Friday, June 8, 2012

NDC 2012 Day 3, and the end of the Norway nationwide strike

This is a technical blog entry of what I've learnt during the day. So if you don't have a computing background you might not understand all of it. That or you might find it rather head spinning. 

9am Had a coffee before I started.  First session of the day was "Thinking in Functional Style using F# and (some) C#" by Venkat Subramaniam.  He gave a session on Design Patterns the day before, and that was good so I thought I'll give this one a go too.  I actually own one of his books, "Practises of an Agile developer".  Should have gotten his autograph but I forgot.  He started off by talking about what it means to have a functional language, and whether this means other languages are dysfunctional.  He talked about the paper that Dijkstra published, that using goto is evil.  He talked about immutability, and that it's about transformation of state.  OOP was created in 1967, and made popular by C++, and took 23 years to be popular.  Functional programming has existed for 50+ years, and it's not popular (yet).  But this might change, he talked about how running multithreads on a single processor was like multi processing.  And shared mutability causes problems, that it's the devil's work.  You have to ensure that your X number of threads do not collide, and even providing locks does not necessarily mean your code is correct.  Most concurrent applications are broken.  He said pure functions do not modify state, and mathematicians and those who love correctness of code, love functional programming.  A pure functional language does not modify state after creation, but F# is not pure.

Venkat Subramaniam.

What his session covered.

Variables are bounded once created.  The second assignment (=) is really just a boolean operation, so temperature is still 25.

From the slide above, you can use the mutable keyword to change temperature.  So you can do the following.

let mutable temperature = 25
printfn %d, temperature
temperature <- 15
printfn %d, temperature // Temperature now 15

He talked about higher order functions, functions which call other functions, and allow composition using functions.  And how purity allows easier reordering of functions at will, since there is no state order to maintain.  He talked about how a function has a name, body, return type, and a parameter list.

List<int> num = new List<int>() { 1,2,3 };
num.ForEach((e) => Console.Write(e));

(e) is the param list
Console.Write(e) is the body
the function name is an anonymous function whose return type is inferred.  And this makes ForEach a higher order function.  ForEach becomes an internal iterator, it is better and more concise.  It's better than using a for loop which is like a lazy dog. :)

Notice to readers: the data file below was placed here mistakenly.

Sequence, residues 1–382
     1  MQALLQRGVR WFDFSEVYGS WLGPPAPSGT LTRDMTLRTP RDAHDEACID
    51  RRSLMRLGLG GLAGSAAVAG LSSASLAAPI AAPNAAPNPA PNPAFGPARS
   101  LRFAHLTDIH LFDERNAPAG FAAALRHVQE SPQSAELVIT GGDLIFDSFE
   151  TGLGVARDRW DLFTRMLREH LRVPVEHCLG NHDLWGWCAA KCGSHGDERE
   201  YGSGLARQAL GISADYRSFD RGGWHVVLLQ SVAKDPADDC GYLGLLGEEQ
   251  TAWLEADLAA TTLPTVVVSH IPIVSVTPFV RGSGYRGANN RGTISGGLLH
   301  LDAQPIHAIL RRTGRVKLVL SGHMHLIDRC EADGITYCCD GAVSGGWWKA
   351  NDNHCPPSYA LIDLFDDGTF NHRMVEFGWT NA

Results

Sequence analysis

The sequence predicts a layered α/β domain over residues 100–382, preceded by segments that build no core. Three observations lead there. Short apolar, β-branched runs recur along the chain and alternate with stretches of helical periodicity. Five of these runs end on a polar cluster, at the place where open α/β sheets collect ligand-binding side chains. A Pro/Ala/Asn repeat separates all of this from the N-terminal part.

Again he talked about idioms, and programming is not about syntax, but about idioms.  He relates this to idioms in society. e.g. one way to do a for loop in F# is.

let numbers = [1..6]
for e in numbers do
  printf "%d", e
printfn ""

The idiomatic way to do this is
List.iter(fun e -> printf "%d" e) numbers
List.iter(printf "%d") numbers // more consise

Functional programming would be nice if there is garbage collection.  He also mentioned that think of functional programming as state transformation and not state mutation.

Here's an example of imperative style in C#

List<int> x = { 1,2,3 };
var doubled = x.Select((e) => e * 2);
... // then foreach

and functional style in F#

let x = [1..6];
printfn "%0" ( (fun e -> e *2) numbers) // prints 2..4..6.. 12
printfn "%0" numbers // 1...6 i.e. immutable

He ended with an example as follows to show the highest stock price among selected stocks below the price of $500.

10:20am Next session was "HTML5 and CSS" by Chris Mills from Opera.  His slides will be available at  He talks about how tech tech undergo a honeymoon period. And then they sort of flatten off.  So do you need it?  Browsers currently have specific implementations for CSS and so you need to use these prefixes. e.g.

background: -webkit-linear-gradient
background: -moz-linear-gradient
background: -ms-linear-gradient

And it's important to have graceful degradation.  He said to build a base that works, and works better in modern browsers.  To use media queries for different content depending on the resolution, and to use web fonts.  Sometimes graceful degradation doesn't work, and if that's the case to use a fallback mechanism e.g. flash fallback for the video tag.  Or you could use modernizer to take care of it.  He also mentioned IE conditional includes of CSS are useful.  These are ignored if not required.  Other websites which he mentioned are and

I had an early lunch which was Chicken Tiki Masala again.  And took some oranges.  And a smoothie.

11:40am The session before lunch was "How to Destroy the Web" by  Bruce Lawson.  A bit of tongue-in-cheek session.  He started off with talking about his daughter saying it was bad to bomb Iran and he wanted to go to the web to show her that Iran was just full of evil people, instead he found this.

Nice Iranian Girl website, fancy that, really I thought they were all evil!

He said that everything leaks out on the web, and therefore you should only let people with the right browsers in.  E.g. restrict people to websites, and force them to use it.

Bruce Lawson.

One way to force people to use only certain browsers, is to look at user agent strings and block them if they use these. :D

Nuff said..

Another way to destroy the web, is to only allow users with the right devices in, e.g. iPad only websites.  Great idea.  More people in india have phones than access to flushing toilets.  So restrict third world countries by making them iPad only!  Muhahahaha...  another way to destroy the web, require plugins.  For example, the South Korean government requires all banking and ecommerce transactions must use ActiveX on Microsoft Explorer.  Or write something that require Native Client, by Google.  Making the web country specific is another great idea on how to break the web.  He refers to as kittens on skateboards.  And showed some opera data that presented the conclusion that people across many countries want to visit the same sites but consume these sites on different devices.

He talked about how the #! hasbang technique broke the URL addressing system, good work guys.  And how the NYSE euronet website has a pretty good example on how to break the web by providing a really stupid user agreement that nobody reads. :)  You can also require specific types of hardware, e.g. need a mouse, so you can force disabled people to not use the web because it would be too hard for them.  He showed examples like the "Create a filter" link in Gmail was created using a span, which does nothing for a screen reader.  Or use empty body tags in HTML and have all content created by javascript. :)  Censoring the web, but only at the government level works, i.e. the Scunthorpe problem, if you search for clitheroe, lightwater, penistone, well it's hard to get results for these words for some reason!!